Cessnock City Council has secured $3.65 million under the NSW Government’s Restart NSW Resources for Regions Fund to commence the Commercial Centre Masterplan for Kurri Kurri.Read More
Straying livestock is a problem in rural areas, causing a nuisance to neighbouring property owners as well as a potential hazard to road users if the animals stray into traffic.
If you see livestock on the road or in a public area and you do not know the owner, please contact Council on 02 4993 4100. Rangers will refer to Council’s Stock Register and attempt to determine who may own the animals. Where necessary to ensure public safety, our Rangers will also attend the location and attempt to return the stock to the property from which they came.
If it is not possible to determine who owns the animals (or if it not possible to secure the animals), Council will proceed to impound the animals under the provisions of the Impounding Act 1993. Once impounded, livestock are held for a period of 7 days, with release fees applicable if the owner comes forward to claim the animal/s. If an owner does not come forward to claim them after this time, they are sold at a stock auction.
Council encourages landowners and owners of livestock to register their livestock with Council so in the case they do stray onto neighbouring properties or public roads, they can be promptly returned. It is free to register and all you have to do is simply call our Customer Service Team on 4993 4100 or email firstname.lastname@example.org and ask to add your animals to the stock register.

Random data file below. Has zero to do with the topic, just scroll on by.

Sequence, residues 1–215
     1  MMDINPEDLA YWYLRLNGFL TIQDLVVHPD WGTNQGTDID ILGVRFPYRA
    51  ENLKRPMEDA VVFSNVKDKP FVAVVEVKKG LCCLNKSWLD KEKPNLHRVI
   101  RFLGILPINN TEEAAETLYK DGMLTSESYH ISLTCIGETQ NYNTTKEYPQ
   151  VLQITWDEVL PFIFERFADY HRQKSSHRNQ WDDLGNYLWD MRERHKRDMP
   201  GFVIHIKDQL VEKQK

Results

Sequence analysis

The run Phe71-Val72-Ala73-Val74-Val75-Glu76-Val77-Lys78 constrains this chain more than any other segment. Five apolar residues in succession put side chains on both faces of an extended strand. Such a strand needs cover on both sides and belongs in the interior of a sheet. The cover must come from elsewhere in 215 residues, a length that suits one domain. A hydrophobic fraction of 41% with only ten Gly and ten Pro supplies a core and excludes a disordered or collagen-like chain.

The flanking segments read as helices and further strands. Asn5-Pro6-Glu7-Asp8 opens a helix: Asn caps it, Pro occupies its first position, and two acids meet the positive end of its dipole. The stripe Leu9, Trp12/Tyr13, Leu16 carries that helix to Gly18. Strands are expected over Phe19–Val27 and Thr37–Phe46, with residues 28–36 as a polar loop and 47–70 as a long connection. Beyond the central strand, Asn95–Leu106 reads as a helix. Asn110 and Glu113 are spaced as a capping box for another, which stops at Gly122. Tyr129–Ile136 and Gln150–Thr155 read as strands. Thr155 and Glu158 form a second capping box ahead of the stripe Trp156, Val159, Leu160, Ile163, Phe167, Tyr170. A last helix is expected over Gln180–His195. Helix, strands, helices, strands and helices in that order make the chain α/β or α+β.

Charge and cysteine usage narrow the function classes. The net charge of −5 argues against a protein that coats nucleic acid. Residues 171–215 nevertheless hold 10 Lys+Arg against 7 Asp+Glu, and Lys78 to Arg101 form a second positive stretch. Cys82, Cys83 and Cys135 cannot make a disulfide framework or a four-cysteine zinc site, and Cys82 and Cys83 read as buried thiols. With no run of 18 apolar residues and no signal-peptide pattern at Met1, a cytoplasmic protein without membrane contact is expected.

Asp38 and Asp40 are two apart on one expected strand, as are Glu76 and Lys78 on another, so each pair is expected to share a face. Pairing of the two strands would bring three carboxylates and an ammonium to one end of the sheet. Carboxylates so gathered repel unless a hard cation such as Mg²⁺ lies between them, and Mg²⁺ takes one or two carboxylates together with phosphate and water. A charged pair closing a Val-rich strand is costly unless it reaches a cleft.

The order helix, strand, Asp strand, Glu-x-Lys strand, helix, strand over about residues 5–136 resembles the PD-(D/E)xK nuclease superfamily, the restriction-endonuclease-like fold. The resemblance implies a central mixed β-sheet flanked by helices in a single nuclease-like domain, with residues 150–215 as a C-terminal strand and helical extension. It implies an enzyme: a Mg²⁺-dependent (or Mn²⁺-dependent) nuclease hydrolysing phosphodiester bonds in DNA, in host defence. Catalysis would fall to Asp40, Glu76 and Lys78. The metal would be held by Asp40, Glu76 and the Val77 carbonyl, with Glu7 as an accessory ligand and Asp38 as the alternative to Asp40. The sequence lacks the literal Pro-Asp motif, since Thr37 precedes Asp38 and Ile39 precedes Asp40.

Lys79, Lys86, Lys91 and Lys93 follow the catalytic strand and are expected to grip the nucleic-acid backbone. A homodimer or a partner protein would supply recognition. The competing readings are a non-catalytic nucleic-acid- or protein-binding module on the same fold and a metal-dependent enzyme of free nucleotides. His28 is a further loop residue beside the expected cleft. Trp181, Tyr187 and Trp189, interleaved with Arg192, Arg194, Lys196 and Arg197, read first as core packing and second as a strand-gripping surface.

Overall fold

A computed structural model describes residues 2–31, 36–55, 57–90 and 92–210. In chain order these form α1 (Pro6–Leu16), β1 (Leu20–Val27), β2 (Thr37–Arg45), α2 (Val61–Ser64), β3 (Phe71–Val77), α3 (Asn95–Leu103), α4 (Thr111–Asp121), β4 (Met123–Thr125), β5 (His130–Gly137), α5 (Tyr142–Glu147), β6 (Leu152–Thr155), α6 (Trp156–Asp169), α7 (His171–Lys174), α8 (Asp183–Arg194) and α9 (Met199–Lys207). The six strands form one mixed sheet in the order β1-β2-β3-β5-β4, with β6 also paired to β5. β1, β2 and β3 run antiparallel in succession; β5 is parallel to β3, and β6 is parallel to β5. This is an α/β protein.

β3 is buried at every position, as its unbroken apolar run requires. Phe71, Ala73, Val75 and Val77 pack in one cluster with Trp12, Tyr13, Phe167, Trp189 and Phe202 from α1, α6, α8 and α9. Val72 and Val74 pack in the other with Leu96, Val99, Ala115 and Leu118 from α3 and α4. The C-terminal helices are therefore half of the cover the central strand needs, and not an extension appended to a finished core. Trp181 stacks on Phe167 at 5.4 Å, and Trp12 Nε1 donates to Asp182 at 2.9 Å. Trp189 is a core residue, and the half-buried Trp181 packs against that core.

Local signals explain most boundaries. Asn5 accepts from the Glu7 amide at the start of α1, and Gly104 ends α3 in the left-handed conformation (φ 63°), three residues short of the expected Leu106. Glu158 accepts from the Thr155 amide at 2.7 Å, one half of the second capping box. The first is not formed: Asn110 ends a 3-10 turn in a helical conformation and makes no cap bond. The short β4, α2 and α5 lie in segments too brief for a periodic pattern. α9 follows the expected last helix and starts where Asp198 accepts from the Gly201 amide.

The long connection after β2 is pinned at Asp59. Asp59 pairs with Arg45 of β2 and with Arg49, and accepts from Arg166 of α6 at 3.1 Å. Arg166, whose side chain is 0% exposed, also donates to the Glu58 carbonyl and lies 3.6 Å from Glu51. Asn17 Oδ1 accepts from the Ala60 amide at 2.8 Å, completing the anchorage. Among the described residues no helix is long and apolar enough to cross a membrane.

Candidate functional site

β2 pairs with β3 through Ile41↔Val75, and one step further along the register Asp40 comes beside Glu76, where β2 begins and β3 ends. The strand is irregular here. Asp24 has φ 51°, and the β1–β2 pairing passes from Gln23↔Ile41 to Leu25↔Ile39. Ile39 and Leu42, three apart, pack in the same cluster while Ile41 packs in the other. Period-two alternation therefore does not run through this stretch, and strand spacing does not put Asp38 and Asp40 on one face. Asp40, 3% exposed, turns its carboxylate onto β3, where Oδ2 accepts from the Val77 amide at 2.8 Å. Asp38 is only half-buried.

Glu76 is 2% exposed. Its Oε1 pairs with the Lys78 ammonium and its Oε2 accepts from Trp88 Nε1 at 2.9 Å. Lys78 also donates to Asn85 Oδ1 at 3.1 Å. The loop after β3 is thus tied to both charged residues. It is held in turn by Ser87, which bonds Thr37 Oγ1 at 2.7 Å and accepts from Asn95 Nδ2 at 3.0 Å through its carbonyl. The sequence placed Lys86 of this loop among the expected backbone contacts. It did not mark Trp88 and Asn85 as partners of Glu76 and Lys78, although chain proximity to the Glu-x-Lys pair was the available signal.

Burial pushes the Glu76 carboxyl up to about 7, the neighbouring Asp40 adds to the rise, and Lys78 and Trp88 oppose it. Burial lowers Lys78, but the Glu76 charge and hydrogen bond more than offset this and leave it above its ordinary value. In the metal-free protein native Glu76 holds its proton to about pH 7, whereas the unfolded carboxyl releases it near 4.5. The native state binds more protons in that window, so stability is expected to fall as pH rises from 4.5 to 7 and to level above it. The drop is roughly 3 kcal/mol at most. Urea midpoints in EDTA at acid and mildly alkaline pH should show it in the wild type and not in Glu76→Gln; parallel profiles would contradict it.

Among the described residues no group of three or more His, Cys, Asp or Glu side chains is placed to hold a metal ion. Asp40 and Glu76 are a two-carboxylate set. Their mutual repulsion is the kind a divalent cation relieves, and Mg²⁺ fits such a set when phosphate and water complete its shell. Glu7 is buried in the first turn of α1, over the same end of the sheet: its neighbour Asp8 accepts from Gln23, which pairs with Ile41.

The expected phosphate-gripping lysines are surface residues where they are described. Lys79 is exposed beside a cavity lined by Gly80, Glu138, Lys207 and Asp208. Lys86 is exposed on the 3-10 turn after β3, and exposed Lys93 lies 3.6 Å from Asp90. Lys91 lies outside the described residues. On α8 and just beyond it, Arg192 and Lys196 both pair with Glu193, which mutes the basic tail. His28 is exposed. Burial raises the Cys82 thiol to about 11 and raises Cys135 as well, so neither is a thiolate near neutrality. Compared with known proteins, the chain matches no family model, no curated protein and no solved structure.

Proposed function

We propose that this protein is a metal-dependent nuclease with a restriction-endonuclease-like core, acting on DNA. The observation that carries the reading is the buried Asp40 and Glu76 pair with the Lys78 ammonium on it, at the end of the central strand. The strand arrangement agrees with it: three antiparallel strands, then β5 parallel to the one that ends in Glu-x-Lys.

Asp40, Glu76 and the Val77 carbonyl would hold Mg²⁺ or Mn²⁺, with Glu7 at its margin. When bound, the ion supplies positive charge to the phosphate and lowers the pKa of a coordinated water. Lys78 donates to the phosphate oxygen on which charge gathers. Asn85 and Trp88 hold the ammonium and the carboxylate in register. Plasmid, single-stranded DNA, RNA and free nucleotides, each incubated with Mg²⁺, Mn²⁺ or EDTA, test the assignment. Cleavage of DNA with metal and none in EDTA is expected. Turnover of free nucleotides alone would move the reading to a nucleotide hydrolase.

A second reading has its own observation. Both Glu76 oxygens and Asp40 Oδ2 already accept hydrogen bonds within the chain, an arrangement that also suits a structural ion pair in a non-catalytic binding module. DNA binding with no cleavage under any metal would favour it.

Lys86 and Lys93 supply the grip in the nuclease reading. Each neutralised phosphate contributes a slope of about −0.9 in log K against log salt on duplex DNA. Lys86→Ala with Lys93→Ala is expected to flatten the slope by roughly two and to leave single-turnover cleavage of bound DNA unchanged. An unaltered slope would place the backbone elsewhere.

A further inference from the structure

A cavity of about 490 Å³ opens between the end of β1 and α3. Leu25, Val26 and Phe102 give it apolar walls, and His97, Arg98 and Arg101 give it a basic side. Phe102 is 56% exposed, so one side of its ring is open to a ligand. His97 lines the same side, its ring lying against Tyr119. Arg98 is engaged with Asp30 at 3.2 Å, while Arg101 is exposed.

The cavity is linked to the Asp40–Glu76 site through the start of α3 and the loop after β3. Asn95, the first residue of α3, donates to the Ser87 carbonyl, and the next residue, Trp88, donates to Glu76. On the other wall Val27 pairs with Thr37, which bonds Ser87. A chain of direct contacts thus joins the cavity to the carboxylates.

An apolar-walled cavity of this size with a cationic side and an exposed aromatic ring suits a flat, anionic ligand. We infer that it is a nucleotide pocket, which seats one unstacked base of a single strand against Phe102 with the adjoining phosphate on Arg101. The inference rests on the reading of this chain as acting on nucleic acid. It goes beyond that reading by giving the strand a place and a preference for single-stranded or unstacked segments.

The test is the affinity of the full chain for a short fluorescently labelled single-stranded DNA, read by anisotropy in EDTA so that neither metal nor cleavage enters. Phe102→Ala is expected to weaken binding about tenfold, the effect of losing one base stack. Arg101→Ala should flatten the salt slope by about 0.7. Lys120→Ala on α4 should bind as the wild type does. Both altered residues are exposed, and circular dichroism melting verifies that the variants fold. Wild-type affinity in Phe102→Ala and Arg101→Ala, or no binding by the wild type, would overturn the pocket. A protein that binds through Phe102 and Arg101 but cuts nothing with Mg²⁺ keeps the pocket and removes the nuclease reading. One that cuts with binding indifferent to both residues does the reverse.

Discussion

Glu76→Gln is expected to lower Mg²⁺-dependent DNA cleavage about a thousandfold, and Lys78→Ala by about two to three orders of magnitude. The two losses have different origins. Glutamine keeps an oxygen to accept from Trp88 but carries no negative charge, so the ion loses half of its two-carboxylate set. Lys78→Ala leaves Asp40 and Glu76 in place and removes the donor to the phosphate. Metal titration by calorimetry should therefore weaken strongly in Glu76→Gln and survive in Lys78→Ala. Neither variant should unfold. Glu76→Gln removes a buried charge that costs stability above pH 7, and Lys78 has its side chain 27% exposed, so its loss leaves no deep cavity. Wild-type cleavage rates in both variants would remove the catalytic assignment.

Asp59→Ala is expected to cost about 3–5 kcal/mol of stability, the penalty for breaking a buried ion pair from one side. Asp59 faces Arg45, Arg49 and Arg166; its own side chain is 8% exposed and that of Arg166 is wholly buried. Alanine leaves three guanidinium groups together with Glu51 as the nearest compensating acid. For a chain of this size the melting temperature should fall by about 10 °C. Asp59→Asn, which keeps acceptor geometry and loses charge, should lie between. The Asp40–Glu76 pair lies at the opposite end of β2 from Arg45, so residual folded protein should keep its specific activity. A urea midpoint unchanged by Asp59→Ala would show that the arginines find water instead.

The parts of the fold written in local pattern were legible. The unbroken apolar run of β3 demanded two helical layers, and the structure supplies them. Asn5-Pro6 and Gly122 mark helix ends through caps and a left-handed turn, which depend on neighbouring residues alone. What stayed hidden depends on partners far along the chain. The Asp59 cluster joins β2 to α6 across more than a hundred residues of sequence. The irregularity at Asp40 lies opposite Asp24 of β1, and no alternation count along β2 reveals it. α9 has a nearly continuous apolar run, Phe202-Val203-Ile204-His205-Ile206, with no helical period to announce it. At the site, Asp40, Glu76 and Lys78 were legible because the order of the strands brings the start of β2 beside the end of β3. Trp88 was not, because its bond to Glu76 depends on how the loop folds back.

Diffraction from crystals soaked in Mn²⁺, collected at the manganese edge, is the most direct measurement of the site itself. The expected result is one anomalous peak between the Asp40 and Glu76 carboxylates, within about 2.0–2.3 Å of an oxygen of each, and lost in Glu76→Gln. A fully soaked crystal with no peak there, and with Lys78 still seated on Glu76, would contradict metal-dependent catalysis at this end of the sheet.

Occupiers of private land can impound any animals that stray onto it under the provision of the Impounding Act 1993. If you know the owners of the livestock, you must notify them within 24 hours of impounding the animal/s. If the owner is not known or cannot be found, you are required to make arrangements to have the animals transported to Council’s Impound Facility at the RSPCA at Rutherford Please contact Council on 02 4933 4100 and our Rangers can provide assistance in organising this.
You are reminded that as a landholder, you have a responsibility under the Protection of Cruelty to Animals Act 1986 to feed and care for any animals impounded on your land. You can recover any costs associated with the care of the animals; however, this is a civil matter which Council cannot enforce.
Local Land Services shares responsibility for stock health with the NSW Department of Primary Industries. If you see any stock that appears to be in ill health, contact Local Land Services or the RSPCA.